Klobuchar is set to speak at the University of Pennsylvania on Thursday about her work on the Senate Judiciary Committee, where Booker and Harris also are members. The affable Midwesterner recently told MSNBC that her family "is on board" if she opts to run in 2020, though she's offered little clarity about her timetable to announce a decision.

Though Klobuchar would be the fifth major female candidate in the Democratic primary, female candidates shouldn't be shoehorned into a "narrative" dominated by their identity that excludes the policies they're championing, said Virginia Kase, CEO of the League of Women Voters.

Kase pushed back at one popular 2018 narrative in a recent interview, noting that that "every year is the year of the woman — the reality is that we've always been major contributors" in the electoral process.

Rashad Robinson, executive director of the civil rights-focused nonprofit Color of Change, said in an interview that the diversity of the Democratic field is "a great thing and we should celebrate it," adding that, "Our work is always about changing the rules — changing the rules of who can run and who can rule and who can lead is incredibly important."

But in addition to those "unwritten rules," Robinson pointed to the urgency of changing the "written rules" of American life, adding that "diversity alone does not mean structures and policies and practices that have held so many back will change" overnight.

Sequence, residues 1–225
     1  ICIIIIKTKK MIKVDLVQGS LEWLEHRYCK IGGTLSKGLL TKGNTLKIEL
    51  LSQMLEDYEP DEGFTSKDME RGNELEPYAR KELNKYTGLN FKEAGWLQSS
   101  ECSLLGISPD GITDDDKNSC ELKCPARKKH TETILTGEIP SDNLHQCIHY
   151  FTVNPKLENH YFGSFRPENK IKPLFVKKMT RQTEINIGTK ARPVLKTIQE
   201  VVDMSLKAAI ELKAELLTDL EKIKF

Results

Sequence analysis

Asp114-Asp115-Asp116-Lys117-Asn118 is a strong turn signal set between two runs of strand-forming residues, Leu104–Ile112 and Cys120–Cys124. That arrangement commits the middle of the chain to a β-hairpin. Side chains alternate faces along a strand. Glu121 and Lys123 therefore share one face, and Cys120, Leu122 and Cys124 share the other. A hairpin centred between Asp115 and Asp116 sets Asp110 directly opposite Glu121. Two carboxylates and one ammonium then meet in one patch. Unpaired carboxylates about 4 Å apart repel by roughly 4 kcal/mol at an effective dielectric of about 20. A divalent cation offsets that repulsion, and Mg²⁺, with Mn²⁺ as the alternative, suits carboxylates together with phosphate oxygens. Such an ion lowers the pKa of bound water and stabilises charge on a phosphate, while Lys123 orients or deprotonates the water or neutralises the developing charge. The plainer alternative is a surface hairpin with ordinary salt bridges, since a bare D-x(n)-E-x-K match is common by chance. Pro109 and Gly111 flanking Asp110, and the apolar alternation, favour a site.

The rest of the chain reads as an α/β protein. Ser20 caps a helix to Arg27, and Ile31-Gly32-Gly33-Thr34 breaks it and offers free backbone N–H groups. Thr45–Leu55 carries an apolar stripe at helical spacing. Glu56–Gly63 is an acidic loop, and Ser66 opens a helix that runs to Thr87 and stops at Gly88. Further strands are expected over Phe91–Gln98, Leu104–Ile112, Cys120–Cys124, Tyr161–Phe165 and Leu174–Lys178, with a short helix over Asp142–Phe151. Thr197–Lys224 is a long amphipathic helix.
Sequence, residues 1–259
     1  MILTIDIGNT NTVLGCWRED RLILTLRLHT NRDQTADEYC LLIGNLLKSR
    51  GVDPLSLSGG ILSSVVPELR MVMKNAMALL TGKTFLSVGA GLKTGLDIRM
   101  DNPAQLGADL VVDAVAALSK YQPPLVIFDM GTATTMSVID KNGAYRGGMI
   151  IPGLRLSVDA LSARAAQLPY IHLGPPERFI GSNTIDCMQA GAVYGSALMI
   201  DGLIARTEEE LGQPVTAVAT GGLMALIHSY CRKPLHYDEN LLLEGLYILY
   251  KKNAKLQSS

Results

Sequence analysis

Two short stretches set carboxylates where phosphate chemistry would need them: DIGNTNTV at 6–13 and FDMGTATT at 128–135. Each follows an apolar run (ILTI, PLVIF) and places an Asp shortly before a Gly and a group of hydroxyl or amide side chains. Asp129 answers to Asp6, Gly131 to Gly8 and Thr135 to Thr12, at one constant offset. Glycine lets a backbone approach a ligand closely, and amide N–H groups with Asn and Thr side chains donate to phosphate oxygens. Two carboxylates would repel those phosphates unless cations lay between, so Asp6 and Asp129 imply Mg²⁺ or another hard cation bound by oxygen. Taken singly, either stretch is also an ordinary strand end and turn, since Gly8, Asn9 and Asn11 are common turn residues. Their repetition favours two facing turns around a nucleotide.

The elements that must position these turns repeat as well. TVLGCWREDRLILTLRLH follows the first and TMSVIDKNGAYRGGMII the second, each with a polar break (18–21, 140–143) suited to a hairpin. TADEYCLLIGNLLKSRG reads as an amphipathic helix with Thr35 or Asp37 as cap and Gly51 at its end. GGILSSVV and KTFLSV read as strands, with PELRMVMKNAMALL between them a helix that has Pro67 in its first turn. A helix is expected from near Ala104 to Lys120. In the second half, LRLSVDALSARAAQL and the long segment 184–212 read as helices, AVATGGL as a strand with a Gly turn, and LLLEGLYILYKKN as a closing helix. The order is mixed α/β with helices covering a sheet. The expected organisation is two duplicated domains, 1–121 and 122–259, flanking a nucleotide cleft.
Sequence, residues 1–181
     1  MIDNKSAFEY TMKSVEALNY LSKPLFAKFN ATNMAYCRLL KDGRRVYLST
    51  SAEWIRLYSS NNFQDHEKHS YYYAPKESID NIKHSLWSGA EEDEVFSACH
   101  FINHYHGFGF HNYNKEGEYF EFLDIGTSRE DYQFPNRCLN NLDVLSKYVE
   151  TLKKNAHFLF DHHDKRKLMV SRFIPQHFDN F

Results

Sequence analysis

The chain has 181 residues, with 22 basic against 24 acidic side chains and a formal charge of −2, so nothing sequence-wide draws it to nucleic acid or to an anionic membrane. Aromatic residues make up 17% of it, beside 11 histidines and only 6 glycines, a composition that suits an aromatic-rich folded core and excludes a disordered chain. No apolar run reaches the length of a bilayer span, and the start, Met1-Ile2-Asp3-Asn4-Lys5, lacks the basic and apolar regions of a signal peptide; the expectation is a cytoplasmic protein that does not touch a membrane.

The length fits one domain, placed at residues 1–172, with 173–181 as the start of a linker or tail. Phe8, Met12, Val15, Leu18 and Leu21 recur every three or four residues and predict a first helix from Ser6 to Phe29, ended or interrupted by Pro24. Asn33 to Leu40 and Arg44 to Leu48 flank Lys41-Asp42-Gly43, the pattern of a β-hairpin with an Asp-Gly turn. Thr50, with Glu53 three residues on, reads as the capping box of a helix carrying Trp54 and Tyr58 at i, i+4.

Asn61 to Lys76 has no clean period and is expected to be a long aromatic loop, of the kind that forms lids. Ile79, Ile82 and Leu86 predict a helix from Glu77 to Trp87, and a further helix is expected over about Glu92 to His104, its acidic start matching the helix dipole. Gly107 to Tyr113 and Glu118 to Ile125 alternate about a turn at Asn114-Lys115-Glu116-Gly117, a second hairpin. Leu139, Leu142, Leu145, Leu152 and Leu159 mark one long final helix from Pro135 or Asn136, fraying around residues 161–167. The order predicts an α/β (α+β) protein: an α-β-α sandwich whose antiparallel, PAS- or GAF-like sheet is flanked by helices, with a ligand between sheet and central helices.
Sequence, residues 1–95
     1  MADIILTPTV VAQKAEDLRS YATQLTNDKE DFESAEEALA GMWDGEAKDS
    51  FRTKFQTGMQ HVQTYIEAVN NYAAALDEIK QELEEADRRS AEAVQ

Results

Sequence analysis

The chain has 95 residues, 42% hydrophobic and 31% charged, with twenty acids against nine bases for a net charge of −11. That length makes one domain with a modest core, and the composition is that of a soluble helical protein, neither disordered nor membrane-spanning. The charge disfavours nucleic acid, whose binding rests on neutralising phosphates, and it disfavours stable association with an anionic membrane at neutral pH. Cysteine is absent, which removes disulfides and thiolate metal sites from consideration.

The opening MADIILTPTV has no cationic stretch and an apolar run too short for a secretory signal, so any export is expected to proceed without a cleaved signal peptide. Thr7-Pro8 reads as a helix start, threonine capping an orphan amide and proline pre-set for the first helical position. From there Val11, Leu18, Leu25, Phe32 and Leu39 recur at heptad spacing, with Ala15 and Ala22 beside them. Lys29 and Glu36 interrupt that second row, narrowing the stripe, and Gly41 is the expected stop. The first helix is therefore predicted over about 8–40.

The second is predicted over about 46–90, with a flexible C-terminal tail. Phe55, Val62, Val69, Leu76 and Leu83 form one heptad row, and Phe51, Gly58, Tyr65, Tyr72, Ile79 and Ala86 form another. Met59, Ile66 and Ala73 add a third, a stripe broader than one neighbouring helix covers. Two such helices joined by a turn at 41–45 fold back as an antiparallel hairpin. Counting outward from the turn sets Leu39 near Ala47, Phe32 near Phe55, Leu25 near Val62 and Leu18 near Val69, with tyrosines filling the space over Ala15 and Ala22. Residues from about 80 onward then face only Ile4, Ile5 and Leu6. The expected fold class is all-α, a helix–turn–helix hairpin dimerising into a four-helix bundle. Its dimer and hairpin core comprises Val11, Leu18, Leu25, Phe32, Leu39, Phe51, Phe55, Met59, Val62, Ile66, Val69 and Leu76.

Meanwhile, three white male candidates who could scramble the race — former Vice President Joe Biden, Sen. Bernie Sanders of Vermont, and former Texas Rep. Beto O'Rourke — are still weighing their own presidential plans. Biden addressed a key vulnerability in his potential candidacy this week by publicly airing regret about his support for a 1994 crime bill that's had particularly negative effects on African-American communities, while Sanders built his own new connections to black voters during a trip to South Carolina.

As Biden mulls a run for president, his allies have been sending supporters a memo that could serve as a rationale for a campaign. The memo hails Biden's long track record in politics and argues that at a time of "unprecedented political chaos" during Trump's administration, Biden would offer "trustworthy, compassionate leadership."

O'Rourke, for his part, continues to gauge his future amid pundits' criticism about blog posts he published during a recent road trip through multiple states. The 46-year-old Texan acknowledged that he's been "in and out of a funk" following his departure from Congress after losing a high-profile Senate race in November, sparking questions about the luxury of his indecision given the family wealth and network of passionate backers he can lean on.

As the Democratic field is poised to become more diverse, Republicans say Trump will run for re-election based on his record.

"The American people are better off now than they were two years ago because of President Trump's policies," said Republican National Committee spokeswoman Blair Ellis. "GDP and wages are up, unemployment has hit record lows, and industries across this country are thriving. These are the credentials the American voters want from their president and President Trump is the only person who can run on these results."